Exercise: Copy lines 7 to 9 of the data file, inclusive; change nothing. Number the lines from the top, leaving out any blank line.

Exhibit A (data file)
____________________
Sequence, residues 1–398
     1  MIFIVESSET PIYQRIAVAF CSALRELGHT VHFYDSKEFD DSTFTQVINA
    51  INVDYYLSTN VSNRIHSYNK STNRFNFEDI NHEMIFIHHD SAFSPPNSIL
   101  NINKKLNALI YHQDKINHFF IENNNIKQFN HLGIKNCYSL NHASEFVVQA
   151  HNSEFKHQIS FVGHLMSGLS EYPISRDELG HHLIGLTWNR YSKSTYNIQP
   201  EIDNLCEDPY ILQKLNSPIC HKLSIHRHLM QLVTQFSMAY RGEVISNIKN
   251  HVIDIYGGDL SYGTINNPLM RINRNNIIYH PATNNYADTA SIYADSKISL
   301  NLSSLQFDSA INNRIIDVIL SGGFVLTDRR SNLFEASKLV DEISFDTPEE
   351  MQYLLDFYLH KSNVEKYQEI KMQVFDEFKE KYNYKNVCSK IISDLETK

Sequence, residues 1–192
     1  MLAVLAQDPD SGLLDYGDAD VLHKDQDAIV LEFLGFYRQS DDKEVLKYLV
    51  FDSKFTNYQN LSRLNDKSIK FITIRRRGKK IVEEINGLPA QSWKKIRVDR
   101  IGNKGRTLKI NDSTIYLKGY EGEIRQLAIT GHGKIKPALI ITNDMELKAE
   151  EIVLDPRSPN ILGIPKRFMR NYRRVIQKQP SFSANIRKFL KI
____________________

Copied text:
   251  HVIDIYGGDL SYGTINNPLM RINRNNIIYH PATNNYADTA SIYADSKISL
   301  NLSSLQFDSA INNRIIDVIL SGGFVLTDRR SNLFEASKLV DEISFDTPEE
   351  MQYLLDFYLH KSNVEKYQEI KMQVFDEFKE KYNYKNVCSK IISDLETK